Waiting is so difficult. And living in a society of “instant” everything is only making it harder. Yet “active” waiting is even more difficult. It is so much easier while waiting to be passive, thinking that if anything is to happen, it will fall into our laps. Active waiting means we take the steps we can, keeping alert for the signs of a new day starting on the horizon.
Active waiting means we are attentive to notice what sometimes is right in front of us. Have you ever longed for some answer to a question, some kind of provision for your needs, only to find that it was all the time in plain sight? We just didn’t notice.
A few days ago while still in Singapore a friend took us to a remarkable place, the Flower Dome. It is a huge structure made of glass that is in effect the largest greenhouse in Asia, if not the world. Flowers from all over the world are grown and displayed there, including Tulips from the Netherlands and Cherry Blossoms from Japan. Just a stunning place.
The fragrant smells are everywhere in the Flower Dome, and it would be easy to just walk around and take it all in. But I found myself needing to smell the flowers directly. (You even get to see a photo of me doing so!!) As I smelled the different flowers in all their luxuriant delights, I marveled at God’s creation and diversity of beauty. But I also noticed. I took a few moments to stop and be attentive to what was around me. This is active listening.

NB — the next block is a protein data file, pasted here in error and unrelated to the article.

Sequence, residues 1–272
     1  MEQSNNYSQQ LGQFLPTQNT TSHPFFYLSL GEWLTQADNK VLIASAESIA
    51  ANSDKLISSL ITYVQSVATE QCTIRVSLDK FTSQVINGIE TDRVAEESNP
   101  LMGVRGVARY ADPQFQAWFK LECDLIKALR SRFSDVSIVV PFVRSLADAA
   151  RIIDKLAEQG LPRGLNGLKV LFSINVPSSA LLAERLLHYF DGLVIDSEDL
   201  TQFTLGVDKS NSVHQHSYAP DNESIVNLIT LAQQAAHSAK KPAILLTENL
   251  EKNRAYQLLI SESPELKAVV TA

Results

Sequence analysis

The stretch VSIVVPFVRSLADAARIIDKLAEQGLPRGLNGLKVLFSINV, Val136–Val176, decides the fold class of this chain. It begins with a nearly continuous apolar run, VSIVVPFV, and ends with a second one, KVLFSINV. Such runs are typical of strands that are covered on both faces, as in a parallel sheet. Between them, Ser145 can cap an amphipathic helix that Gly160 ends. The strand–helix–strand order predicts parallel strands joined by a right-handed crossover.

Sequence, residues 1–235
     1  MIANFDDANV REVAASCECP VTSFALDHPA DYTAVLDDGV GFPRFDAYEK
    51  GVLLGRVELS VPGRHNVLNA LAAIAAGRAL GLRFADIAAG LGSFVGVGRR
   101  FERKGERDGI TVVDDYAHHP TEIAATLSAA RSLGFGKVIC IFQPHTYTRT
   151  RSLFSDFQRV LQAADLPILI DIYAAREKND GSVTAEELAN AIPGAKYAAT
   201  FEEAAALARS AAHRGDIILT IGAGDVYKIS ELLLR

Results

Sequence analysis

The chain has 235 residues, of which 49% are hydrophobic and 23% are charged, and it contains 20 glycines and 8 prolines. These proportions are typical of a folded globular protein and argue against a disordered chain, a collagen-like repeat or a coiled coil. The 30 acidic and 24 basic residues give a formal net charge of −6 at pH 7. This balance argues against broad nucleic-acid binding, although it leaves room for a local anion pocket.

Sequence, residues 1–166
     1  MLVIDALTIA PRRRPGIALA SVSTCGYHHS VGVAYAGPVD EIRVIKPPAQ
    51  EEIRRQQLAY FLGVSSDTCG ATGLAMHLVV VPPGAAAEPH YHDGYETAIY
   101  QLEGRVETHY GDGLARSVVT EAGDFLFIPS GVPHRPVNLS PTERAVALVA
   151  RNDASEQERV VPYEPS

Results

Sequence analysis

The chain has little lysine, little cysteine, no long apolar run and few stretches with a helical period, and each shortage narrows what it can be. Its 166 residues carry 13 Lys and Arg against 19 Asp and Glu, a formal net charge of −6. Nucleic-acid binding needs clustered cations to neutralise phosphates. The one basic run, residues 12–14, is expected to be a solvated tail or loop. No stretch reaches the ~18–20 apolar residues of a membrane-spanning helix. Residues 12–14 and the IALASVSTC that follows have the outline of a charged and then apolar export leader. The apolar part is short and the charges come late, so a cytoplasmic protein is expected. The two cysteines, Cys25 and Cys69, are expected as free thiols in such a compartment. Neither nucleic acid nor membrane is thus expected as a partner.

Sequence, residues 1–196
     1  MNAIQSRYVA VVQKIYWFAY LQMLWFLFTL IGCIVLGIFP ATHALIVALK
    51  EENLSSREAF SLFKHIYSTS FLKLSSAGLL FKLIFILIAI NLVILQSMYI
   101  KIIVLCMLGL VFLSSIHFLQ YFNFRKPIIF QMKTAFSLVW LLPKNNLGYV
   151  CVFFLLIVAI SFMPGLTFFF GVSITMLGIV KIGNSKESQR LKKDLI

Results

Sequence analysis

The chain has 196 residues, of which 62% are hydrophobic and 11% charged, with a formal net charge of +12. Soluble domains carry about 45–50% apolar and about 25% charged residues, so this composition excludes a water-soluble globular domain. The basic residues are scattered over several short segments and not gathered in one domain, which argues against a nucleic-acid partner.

In 1996 one of my favorite writers on the spiritual life, Father Henri Nouwen, suddenly died of a heart attack. We lost him at 64 years young, much too soon. I never got to meet him, but when I heard the news felt like a family member had died. Recently I came across a book of his collected writings on the spiritual gift and discipline of discernment. It is titled Discernment: Reading the Signs of Daily Life. I highly recommend it, as well as any of his other books. (Especially my favorite The Return of the Prodigal Son.)
Here is a passage where Fr. Nouwen writes of waiting, especially of an active kind: “Patience–an active dwelling in the present moment–is the mother of expectation. A way to rephrase ‘waiting patiently in expectation’ is ‘standing vulnerable in the presence of our loving God.’ This is the core of all prayer. It has been helpful to me to realize that, when I pray, I am living my life before God, doing what I know to do, offering my thoughts and actions to the Holy One in expectation that I am being led where I need to go and will be given courage to do what I need to do because I know who I am in God.” (pg. 153)
This is active waiting. An “active dwelling in the present moment”. So much of life can be enriched by simply noticing the things around you, including the people placed right in your path, to love and cherish as precious gifts. Not as inconveniences and burdens, but as treasures. Perhaps the answers and courage you and I are seeking at this season of our lives, seemingly so elusive, are right in front of us, waiting to be noticed and seen with new eyes?